Many motorists in Wisconsin are nervous when driving near semi-trucks. This sense of unease is well-founded. After all, these massive vehicles dwarf the average passenger vehicle, meaning that they can cause devastation in the event of a truck accident. These wrecks occur with far too much frequency, and they often leave victims with extensive damages in the form of medical expenses, lost wages and pain and suffering. Although these damages may be recoverable through a personal injury lawsuit, securing compensation isn’t such an easy task, even after a negligent trucker is found liable.

This is because many truckers don’t make enough income or possess enough assets to satisfy most of the judgments in these cases. So, while a truck accident victim may be able to win a personal injury lawsuit and be awarded a significant amount of compensation, that compensation ultimately may be unrecoverable in reality. This is why truck accident victims oftentimes consider whether a “vicarious liability” claim is right for them.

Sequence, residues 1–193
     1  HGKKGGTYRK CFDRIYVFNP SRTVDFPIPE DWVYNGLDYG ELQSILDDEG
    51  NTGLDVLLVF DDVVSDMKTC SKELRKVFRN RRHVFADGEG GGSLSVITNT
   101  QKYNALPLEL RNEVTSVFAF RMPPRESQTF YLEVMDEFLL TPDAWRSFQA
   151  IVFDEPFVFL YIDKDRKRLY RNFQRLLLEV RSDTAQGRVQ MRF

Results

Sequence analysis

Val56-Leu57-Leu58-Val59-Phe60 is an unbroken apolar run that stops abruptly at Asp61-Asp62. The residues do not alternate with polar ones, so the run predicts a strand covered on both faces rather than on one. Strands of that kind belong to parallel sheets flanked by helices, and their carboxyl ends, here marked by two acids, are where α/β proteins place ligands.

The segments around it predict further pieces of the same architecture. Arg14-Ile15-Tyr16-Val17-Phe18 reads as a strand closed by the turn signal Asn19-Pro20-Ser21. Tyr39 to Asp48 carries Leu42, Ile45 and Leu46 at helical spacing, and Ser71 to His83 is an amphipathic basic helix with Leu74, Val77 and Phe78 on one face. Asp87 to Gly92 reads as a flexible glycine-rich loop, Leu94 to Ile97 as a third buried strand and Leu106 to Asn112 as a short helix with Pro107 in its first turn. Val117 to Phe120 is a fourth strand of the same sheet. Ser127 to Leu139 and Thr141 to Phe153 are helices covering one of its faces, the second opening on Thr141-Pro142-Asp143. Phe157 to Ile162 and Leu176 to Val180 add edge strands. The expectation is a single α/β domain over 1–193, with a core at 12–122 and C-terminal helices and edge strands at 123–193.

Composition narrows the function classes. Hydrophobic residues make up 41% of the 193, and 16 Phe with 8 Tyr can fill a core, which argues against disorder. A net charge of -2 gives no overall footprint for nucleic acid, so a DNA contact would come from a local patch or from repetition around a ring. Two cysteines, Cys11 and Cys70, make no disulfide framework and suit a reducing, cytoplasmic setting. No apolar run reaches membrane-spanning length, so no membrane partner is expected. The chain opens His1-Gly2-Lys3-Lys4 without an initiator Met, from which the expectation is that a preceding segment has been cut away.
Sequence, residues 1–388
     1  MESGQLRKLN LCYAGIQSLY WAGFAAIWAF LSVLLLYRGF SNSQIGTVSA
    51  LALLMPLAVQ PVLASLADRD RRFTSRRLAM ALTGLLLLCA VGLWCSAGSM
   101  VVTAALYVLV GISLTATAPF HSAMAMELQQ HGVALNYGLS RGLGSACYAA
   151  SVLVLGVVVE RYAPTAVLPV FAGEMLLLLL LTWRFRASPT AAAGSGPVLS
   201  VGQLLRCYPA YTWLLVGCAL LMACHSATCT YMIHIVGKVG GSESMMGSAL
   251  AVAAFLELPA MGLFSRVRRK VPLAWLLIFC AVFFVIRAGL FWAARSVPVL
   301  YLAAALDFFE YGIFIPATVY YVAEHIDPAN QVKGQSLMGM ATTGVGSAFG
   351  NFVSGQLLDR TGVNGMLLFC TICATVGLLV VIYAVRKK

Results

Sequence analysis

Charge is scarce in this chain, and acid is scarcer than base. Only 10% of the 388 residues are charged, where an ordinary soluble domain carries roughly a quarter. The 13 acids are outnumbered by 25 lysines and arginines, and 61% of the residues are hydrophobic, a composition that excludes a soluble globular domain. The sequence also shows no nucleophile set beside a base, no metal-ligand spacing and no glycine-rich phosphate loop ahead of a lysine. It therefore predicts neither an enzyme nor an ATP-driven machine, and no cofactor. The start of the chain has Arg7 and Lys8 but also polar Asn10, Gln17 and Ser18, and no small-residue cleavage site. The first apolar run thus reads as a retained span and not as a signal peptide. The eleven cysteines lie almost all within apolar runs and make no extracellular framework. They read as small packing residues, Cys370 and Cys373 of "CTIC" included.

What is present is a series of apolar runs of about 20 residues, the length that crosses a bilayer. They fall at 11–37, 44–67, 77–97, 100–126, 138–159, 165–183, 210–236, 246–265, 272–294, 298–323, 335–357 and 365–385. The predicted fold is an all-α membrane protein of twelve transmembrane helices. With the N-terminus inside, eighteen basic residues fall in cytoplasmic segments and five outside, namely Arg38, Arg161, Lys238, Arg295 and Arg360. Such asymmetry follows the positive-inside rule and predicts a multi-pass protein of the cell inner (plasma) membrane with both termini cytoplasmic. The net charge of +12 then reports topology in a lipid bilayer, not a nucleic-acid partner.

Through vicarious liability, an employer can be held responsible for the negligent actions of its employees. In the trucking context, then, a truck company and/or truck owner may be held liable for an accident caused by one if its truckers. The caveat is that a vicarious liability claim can only succeed if certain legal elements are proven, which includes that the trucker was on the clock at the time of the wreck and the trucker was performing job duties at the time. It must also be shown that the employer was benefiting from the actions of the employee at the time of the truck accident in question.

Those who are able to succeed on a vicarious liability claim may be able to reach “deeper pockets” that are able to pay for a victim’s damages. However, employers often claim that truckers should be held solely responsible because they were operating outside the scope of employment at the time of the accident.